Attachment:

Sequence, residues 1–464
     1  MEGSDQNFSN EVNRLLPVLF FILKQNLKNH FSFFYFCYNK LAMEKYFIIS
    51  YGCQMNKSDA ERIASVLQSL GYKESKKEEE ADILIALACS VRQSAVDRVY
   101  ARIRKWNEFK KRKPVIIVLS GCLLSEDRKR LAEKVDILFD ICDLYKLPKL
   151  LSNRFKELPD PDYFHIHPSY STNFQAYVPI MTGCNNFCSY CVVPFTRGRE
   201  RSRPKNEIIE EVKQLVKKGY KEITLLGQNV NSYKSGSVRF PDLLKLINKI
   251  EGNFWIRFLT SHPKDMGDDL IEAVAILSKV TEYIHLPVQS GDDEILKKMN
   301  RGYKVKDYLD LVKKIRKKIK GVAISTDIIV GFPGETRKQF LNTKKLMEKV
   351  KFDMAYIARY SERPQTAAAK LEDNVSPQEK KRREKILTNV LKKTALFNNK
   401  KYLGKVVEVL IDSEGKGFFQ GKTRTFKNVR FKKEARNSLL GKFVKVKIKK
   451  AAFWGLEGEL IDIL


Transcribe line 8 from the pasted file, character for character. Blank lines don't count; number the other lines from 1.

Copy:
   301  RGYKVKDYLD LVKKIRKKIK GVAISTDIIV GFPGETRKQF LNTKKLMEKV